It’s been a wonky year for markets so far—but there may be several stocks to play it.
While the Federal Reserve has yet to give a clear signal it will pause interest rate hikes, many investors believe that rates will moderate in 2023 as the central bank works to fight inflation. As a result, stocks have rallied this year, with the S&P 500 up 9% and Big Tech companies generating stellar earnings results all in the face of bank worries and recession fears.
Several fund managers who attended the Morningstar Investment Conference are still looking for bargains—even though many economists such as Bank of America’s Michael Gapen see a case for a mild economic slowdown in 2023. The managers are focused on players in the aerospace industry, given the healthy outlook for travel, and companies with strong pricing power that can weather big swings in consumer demand.
Fidelity Investments portfolio manager Matt Fruhan during a panel on Wednesday said that he’s bullish on U.S. commercial aerospace firms such as
(ticker: BA) and General Electric Company (GE). Passenger air traffic is growing and “we are still in the recovery phase of covid,” said Fruhan, who has been investing in the theme for the past 12 months to 18 months.
Demand for air travel in February—as measured by revenue and distances flown—rose 55.5% versus a year ago, according to the latest air traffic report from the International Air Transport Association, which represents some 300 airlines. That figure, however, is still lower than prepandemic levels, matching about 85% of global traffic witnessed in February 2019.
|Company / Ticker||Recent Price||Market Value (bil)||2024 P/E||Avg P/E (five years)|
|General Electric Company/GE||98.97||107.80||37.2||22.7|
|Estée Lauder Companies/EL||246.72||88.13||36||35.1|
|LVMH Moet Hennessy Louis Vuitton/LVMUY (ADR)||191.99||481.8||25.6||26|
|Shiseido Company/SSDOY (ADR)||50.3||19.95||55.9||47.4|
Besides the U.S. names, Fruhan also likes French aerospace supplier
(SAF.France). It’s an engine manufacturer that also sells units like seats and lavatories and offers repair services, adding a recurring revenue stream.
Nate Velarde, co-portfolio manager of the Chautauqua International Growth Fund, bought
shares in 2022. He sees the proliferation of low-cost airlines as a tailwind—and is impressed by the company’s successive price increases in its spare parts business in 2021 and about 10% in November last year.
“Given the broad environment we are faced in, you need to find companies that have the ability to protect margins [through] pricing power,” Velarde told Barron’s at the conference.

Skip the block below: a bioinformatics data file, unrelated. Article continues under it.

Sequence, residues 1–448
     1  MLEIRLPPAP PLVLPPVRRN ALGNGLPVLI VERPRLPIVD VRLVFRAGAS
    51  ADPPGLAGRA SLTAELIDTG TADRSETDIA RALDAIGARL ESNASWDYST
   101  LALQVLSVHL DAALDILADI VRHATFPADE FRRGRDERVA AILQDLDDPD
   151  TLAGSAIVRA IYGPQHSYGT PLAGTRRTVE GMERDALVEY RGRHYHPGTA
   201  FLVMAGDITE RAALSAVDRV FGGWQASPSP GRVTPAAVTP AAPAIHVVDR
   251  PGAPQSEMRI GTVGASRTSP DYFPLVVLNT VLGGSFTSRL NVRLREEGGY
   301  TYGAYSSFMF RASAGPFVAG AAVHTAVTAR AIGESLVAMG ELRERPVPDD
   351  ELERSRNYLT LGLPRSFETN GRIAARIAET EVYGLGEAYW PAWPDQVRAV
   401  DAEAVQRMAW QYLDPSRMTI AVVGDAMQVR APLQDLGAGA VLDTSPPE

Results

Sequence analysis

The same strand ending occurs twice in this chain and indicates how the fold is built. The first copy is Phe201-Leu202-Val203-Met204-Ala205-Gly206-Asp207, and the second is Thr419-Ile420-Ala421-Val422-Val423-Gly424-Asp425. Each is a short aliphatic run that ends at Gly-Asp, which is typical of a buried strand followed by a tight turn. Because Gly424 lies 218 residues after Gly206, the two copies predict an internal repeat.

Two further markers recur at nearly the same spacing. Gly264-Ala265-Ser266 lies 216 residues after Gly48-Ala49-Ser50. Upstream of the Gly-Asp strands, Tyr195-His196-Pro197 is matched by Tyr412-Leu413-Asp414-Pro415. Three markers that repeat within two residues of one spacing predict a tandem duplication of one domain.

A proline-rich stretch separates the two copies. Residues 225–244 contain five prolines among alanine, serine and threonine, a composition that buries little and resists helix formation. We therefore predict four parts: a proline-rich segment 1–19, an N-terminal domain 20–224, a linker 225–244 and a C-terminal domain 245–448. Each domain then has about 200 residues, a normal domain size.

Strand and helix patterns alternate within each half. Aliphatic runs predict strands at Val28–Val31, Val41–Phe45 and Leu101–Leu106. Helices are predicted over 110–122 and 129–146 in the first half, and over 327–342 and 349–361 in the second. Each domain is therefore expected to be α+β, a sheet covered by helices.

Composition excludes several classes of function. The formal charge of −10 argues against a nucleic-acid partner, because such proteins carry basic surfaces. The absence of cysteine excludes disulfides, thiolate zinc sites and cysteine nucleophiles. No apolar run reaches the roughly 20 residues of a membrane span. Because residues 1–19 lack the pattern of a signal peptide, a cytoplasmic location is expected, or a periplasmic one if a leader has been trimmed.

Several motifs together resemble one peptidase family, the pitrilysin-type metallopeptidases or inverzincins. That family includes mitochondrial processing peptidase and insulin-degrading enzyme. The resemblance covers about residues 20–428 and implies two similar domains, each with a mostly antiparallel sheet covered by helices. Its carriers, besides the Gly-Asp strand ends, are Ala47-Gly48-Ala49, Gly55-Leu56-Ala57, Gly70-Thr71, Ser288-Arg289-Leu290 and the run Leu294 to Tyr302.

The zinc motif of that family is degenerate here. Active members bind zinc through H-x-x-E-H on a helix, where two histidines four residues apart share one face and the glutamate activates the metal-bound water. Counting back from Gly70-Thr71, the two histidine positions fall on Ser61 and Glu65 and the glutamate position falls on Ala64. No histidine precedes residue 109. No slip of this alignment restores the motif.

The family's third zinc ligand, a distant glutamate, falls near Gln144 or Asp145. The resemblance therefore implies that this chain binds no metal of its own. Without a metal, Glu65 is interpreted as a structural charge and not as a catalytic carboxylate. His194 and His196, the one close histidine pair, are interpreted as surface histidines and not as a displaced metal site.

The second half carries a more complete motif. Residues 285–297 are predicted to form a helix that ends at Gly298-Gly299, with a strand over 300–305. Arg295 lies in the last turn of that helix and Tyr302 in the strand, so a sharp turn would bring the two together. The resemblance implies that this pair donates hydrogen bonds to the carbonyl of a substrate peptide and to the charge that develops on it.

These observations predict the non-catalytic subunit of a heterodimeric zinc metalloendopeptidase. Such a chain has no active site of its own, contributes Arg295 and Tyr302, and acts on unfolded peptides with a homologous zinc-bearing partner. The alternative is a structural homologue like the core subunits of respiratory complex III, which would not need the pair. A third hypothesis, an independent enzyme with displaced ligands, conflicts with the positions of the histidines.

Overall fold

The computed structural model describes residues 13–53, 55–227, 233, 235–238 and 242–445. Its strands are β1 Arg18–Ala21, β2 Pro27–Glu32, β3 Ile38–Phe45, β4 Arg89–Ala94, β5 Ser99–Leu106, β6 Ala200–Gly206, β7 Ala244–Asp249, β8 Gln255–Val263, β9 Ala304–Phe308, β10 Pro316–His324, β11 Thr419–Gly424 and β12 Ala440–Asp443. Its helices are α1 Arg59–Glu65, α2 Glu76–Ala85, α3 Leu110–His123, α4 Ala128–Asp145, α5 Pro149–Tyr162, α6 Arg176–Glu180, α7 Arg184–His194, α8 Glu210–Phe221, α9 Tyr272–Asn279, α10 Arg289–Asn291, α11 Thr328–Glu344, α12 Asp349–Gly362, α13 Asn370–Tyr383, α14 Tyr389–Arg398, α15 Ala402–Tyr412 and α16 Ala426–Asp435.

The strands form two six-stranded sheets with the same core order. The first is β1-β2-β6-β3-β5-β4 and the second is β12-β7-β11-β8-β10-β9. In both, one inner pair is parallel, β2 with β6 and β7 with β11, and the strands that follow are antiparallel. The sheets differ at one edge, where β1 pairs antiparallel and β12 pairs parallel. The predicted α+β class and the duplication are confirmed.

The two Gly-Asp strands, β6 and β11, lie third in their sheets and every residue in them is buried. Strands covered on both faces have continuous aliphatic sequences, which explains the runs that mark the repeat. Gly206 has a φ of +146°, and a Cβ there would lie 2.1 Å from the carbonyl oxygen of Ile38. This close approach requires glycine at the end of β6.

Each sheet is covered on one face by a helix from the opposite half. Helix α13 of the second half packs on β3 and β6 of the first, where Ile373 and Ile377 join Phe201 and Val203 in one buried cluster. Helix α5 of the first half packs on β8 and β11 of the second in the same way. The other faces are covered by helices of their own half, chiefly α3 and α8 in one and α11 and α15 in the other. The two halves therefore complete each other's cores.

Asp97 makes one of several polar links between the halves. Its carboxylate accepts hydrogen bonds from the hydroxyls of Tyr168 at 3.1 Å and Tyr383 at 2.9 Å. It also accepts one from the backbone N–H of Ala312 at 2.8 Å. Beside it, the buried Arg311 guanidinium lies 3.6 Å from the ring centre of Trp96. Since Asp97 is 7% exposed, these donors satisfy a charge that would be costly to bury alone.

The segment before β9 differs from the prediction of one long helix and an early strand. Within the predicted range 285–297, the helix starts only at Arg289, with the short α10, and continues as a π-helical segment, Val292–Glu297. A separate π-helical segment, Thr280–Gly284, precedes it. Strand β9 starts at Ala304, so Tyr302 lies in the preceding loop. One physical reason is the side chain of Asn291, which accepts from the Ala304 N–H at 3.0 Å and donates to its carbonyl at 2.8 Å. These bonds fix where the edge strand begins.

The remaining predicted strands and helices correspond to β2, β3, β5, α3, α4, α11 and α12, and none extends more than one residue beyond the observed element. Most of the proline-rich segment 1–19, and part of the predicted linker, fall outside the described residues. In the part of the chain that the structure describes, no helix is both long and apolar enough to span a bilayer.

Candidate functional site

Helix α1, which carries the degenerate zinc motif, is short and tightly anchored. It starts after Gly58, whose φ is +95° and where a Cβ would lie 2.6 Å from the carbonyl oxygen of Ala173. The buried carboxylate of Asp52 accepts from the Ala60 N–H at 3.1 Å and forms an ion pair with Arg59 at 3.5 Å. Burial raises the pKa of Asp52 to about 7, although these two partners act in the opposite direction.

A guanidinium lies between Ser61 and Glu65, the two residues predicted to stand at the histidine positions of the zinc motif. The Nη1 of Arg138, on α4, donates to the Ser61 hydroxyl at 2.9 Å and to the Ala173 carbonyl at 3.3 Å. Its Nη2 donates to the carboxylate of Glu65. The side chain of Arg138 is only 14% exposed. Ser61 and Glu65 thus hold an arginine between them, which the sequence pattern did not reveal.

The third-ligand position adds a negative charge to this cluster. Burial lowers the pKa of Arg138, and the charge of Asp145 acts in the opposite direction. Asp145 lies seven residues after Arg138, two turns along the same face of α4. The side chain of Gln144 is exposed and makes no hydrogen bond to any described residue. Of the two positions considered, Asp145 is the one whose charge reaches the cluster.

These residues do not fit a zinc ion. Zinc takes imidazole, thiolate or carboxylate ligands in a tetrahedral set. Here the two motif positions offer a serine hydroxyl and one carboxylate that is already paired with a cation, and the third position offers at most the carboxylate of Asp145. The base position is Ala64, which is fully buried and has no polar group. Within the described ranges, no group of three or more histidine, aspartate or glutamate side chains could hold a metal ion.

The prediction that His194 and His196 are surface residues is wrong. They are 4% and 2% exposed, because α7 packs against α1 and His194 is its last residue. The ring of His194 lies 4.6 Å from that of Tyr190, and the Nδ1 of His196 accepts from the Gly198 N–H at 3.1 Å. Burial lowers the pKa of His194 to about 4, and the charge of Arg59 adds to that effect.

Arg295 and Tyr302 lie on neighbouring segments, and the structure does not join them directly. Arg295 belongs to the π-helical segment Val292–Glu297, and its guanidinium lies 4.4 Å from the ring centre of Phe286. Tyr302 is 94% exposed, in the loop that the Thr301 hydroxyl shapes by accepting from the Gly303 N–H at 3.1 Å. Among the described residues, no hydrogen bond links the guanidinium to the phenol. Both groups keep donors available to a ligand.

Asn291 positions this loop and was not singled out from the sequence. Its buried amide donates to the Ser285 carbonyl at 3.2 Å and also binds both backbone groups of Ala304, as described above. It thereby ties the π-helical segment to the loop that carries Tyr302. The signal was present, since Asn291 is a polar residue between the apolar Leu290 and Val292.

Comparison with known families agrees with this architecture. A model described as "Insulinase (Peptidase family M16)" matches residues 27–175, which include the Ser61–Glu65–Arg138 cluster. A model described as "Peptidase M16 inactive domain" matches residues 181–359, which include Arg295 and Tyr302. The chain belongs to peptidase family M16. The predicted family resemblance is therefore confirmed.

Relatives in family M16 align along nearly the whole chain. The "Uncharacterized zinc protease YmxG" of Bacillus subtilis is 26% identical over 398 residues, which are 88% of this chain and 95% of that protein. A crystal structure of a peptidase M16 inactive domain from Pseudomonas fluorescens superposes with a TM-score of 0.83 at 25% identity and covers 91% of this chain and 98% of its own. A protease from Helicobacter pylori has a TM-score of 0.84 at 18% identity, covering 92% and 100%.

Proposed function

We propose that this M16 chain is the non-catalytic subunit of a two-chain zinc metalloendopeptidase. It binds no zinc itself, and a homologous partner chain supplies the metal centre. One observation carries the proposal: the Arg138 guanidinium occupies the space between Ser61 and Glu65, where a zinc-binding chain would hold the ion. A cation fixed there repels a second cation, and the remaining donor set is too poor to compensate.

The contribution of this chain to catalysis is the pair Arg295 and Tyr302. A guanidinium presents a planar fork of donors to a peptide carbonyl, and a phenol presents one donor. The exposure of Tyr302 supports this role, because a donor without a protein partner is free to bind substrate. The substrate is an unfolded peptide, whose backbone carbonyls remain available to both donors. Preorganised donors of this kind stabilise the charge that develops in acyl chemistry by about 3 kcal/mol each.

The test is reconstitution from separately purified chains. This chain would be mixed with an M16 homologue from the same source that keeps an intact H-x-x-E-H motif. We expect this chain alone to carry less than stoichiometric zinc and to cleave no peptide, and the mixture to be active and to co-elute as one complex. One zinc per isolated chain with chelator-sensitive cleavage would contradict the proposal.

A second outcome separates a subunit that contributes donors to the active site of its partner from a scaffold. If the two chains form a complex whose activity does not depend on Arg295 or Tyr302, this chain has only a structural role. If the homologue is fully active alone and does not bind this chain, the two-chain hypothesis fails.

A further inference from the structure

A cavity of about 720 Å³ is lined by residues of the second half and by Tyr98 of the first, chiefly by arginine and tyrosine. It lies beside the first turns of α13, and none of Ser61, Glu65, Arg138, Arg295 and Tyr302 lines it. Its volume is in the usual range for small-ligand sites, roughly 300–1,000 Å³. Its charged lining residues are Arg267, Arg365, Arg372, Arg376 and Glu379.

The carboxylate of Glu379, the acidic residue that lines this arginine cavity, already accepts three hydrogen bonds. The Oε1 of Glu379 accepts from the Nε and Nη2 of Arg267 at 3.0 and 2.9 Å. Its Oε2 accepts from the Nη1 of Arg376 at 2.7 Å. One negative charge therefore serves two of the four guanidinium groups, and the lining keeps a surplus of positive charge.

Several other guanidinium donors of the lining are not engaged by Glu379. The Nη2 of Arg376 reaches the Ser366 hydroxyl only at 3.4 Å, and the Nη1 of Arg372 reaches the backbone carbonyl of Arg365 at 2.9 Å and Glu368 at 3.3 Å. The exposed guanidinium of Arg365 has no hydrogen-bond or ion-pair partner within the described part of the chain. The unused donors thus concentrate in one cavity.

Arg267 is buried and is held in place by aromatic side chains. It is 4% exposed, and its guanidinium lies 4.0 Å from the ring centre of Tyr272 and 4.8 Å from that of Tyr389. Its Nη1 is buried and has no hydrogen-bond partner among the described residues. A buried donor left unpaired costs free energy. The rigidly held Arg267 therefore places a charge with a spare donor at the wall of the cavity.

Spencer Adair, a portfolio manager and partner at Baillie Gifford, says luxury cosmetic brand stocks are the best examples of pricing power, given makeup stands as “absolutely critical” in any macro environment.
One of his favorites:
Estée Lauder (EL), which was a Barron’s pick last year. Shares are down 0.6% so far this year: Results for the December ended quarter showed prolonged Covid-19 lockdowns affected foot traffic at bricks-and-mortar stores in China. However, Adair expects these headwinds to abate, as China’s reopening gathers steam and
accelerates its direct to consumers sales.
Adair, who manages the nearly $300 billion investment firm, also likes Japanese skincare brand
(SSDOY), which reported a 6% drop in its China business last year. Adair cited demand from Chinese travelers, who are known for their interest in multi-step skincare regimens, as a tailwind.
Natasha Kuhlkin, a large-cap growth equity portfolio manager at Jennison Associates, sees strength in global luxury consumer brands. While sitting on a panel about the disruption of growth stocks with Adair and Fruhan, Kuhlkin named LVMH Moët Hennessey Louis Vuitton (LVMUY) and athleisure brand
(LULU). “There’s a controlled supply” of these companies, she said, adding that they “are starting to appeal to more consumers.”
Lululemon trades at 31.6 times forward earnings, lower than its 40.5 times five-year average.
meanwhile, is trading at 25.6 times nearly matching its average five-year price-to-earnings ratio.
Ultimately, it’s all about customer demand and how far can people stretch their frugality. Switching to a cheaper laundry detergent may work for some, but quitting on their go-to-gym leggings might be asking too much—giving companies with pricing power a leg up.
Write to Karishma Vanjani at [email protected].
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